Bill to Provide New Protections Against Worksite Raids Passes Labor Committee
Immigrant Worker Protection Act - AB 450 - is CA’s latest challenge to Trump deportation force and goes further than any state to put proactive worker protections into law
Sacramento – The Immigrant Worker Protection Act, a bill authored by Assemblymember David Chiu (D-San Francisco) that affirmatively protects workers from immigration enforcement through disruptive workplace raids, today passed its first policy committee. AB 450 comes as arrests of immigrants with no criminal record have more than doubled in the first few months of 2017, and many advocates for immigrants fear that worksite raids are next.
“In an environment of division and fear, California must continue to defend its workers, to guard its values, and to ensure that its laws protect all of our residents,” said Assemblymember Chiu, a son of immigrants and a former civil rights attorney. “AB 450 declares California’s determination to protect our economy and the people who are working hard to contribute to our communities and raise their families in dignity. At the same time, the bill offers employers clarity about what to do when ICE agents target their places of business with indiscriminate raids.”
California has not had a good history with worksite raids. Past raids occurred under the auspices of narrow individual arrest warrants that ICE used to question and detain every single worker at a worksite, including U.S. citizens and workers lawfully present - violating their basic constitutional rights.
"Immigrant workers are rising up to combat the culture of fear and intimidation that the Trump Administration is trying to create,” said David Huerta, SEIU USWW President. “AB 450 is a crucial part of our plan to protect the rights of immigrant workers and stand up for California's values of justice, openness, and inclusion."
"Immigrant workers shouldn't have to live in fear on the job," said California Labor Federation Executive Secretary-Treasurer Art Pulaski. "SB 450 builds on California's proud tradition of protecting all workers. We look forward to its continued progress in the legislature."
Specific provisions of AB 450 include:
- Protecting workers from being wrongfully detained in their workplace by requiring employers to ask for a judicial warrant before granting ICE access to a worksite.
- Preventing employers from sharing confidential employee information, such as a social security number, without a subpoena.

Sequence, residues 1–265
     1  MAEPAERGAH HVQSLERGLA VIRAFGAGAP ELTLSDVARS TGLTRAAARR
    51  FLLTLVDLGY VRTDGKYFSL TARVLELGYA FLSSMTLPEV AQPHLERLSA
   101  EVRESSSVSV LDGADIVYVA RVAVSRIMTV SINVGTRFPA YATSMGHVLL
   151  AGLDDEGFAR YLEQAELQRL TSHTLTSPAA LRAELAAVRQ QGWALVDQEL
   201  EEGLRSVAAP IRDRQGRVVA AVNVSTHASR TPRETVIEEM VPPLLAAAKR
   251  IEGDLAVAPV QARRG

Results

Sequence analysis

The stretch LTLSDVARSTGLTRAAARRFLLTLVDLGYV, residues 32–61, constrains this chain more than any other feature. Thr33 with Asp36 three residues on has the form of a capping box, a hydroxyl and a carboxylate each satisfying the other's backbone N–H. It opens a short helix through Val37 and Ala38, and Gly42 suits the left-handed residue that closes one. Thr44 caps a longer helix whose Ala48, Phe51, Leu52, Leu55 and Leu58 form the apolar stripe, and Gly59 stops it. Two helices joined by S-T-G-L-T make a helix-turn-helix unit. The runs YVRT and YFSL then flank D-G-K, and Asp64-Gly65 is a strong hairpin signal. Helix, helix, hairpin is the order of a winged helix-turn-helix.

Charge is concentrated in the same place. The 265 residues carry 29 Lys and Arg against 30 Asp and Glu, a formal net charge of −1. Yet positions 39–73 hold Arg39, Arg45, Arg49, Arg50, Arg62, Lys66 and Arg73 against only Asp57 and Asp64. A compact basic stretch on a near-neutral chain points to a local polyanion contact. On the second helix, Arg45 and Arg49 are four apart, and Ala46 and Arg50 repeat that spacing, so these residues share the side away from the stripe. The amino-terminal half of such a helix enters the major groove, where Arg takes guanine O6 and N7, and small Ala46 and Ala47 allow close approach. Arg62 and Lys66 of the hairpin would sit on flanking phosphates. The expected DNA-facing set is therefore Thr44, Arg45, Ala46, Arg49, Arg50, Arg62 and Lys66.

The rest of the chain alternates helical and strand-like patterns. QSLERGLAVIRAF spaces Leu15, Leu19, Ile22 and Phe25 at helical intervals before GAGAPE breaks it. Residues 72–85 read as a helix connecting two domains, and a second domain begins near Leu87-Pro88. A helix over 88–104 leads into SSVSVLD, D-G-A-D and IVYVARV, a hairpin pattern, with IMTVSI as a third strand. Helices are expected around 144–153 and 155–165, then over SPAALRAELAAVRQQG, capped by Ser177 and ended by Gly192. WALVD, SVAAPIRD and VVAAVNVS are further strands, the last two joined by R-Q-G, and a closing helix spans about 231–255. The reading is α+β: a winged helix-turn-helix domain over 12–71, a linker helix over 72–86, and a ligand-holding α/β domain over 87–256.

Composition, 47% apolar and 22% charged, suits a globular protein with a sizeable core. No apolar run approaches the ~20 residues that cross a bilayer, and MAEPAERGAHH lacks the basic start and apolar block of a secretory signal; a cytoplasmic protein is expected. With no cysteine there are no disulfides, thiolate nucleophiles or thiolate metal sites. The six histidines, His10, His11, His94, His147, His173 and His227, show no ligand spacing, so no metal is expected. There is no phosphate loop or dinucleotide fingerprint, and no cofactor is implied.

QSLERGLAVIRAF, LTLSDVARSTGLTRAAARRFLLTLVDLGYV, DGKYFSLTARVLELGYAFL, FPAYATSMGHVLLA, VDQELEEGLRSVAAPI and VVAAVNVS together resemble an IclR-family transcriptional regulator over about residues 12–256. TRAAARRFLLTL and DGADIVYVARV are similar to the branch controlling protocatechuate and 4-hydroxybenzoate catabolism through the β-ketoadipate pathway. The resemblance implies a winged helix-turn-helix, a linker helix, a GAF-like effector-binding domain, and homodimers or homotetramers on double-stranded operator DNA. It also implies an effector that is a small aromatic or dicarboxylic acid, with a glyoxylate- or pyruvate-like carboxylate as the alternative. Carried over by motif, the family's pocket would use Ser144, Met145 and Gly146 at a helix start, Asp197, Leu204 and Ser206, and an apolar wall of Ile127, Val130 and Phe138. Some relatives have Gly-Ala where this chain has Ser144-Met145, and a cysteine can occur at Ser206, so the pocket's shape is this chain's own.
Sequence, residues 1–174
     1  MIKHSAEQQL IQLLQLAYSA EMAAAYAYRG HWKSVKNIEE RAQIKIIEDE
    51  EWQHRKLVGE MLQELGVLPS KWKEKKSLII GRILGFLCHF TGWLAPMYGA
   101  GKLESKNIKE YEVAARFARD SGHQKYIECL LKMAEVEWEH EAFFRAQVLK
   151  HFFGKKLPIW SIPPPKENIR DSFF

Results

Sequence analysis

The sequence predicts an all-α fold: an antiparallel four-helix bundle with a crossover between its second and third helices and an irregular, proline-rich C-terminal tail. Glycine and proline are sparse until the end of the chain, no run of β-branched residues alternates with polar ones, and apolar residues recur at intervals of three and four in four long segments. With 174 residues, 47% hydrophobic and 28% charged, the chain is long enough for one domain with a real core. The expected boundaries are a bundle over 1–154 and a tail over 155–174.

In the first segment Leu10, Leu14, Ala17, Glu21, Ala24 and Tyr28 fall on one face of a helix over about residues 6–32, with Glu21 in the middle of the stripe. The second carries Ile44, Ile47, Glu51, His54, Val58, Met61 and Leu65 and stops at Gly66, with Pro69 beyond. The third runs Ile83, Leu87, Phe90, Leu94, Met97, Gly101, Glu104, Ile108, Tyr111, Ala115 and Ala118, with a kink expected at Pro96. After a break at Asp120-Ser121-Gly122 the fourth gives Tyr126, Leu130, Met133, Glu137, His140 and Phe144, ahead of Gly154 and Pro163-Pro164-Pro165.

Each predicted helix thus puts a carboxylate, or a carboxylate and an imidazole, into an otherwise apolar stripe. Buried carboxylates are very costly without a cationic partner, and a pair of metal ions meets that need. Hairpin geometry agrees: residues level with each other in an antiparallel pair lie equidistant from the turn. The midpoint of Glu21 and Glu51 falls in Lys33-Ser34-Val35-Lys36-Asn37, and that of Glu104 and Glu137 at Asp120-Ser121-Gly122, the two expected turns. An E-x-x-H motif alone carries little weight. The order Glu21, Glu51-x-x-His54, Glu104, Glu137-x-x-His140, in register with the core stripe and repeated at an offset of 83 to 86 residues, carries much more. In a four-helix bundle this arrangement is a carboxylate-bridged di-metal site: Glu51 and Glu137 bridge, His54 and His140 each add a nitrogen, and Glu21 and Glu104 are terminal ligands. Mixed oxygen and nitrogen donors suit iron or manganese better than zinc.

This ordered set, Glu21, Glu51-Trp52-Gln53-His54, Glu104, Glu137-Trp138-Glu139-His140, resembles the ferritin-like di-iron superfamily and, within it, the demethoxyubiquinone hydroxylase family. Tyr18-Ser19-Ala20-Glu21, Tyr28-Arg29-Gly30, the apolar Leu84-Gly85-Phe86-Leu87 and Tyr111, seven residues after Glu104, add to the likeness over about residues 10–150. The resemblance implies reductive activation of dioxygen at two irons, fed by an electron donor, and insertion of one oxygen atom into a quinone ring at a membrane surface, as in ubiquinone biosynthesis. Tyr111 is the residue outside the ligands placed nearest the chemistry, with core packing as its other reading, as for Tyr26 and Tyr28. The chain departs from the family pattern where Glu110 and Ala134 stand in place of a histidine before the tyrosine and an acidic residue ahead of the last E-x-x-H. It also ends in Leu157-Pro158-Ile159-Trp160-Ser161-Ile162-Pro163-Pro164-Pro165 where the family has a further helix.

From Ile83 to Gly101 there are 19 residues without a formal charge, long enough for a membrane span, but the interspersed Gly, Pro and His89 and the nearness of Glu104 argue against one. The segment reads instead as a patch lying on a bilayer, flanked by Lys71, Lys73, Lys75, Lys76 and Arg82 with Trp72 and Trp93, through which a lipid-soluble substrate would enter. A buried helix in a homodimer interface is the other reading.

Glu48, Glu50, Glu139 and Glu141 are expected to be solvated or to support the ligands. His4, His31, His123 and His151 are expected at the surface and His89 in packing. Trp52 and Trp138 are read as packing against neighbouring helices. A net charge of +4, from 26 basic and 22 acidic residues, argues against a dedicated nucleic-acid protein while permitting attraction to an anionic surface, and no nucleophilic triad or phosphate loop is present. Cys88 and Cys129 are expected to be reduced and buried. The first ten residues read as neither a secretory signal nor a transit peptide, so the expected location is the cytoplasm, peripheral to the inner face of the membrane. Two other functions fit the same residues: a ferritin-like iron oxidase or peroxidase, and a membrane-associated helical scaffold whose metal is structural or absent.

- Requiring employers to notify the Labor Commissioner and employee representative of a worksite raid. Employers must also notify the Labor Commissioner, employees, and employee representatives of an I-9 audit.
- Preventing employers from retaliating against employees who report labor claims by enabling workers crucial to a labor claim investigation to receive certification from the Labor Commissioner. This certification would both protect the worker and aid in successfully adjudicating labor violations.
Nationwide, there are reports of ICE agents descending on worksites for mass roundups of immigrants. The Trump administration has called for hiring 10,000 more ICE agents to expedite deportations. In California, workers have reported employers threatening to call immigration authorities when workers attempt to exercise their rights to minimum wages, meal breaks, or organizing activity that are protected by California law regardless of status.
As the Los Angeles Times has reported, ICE raids and Trump’s threats of mass deportation have sparked fear among employers as well as immigrant communities. According to the Public Policy Institute of California, over 2.6 million undocumented immigrants reside in California. Undocumented workers make up 45 percent of California’s agricultural workforce and 21 percent of construction. In fact, almost 1 in every 10 workers in California is undocumented.
The Immigrant Worker Protection Act is sponsored by SEIU California and the California Labor Federation and co-authored by State Senator Scott Wiener (D-San Francisco) and Assemblymembers Phil Ting (D-San Francisco), Rob Bonta (D-Oakland), and Miguel Santiago (D-Los Angeles).
AB 450 now heads to the Assembly Judiciary Committee for a hearing on April 25.
Assemblymember David Chiu (D – San Francisco) is the Chair of the Housing & Community Development Committee of the California State Assembly. He represents the 17th Assembly District, which encompasses eastern San Francisco.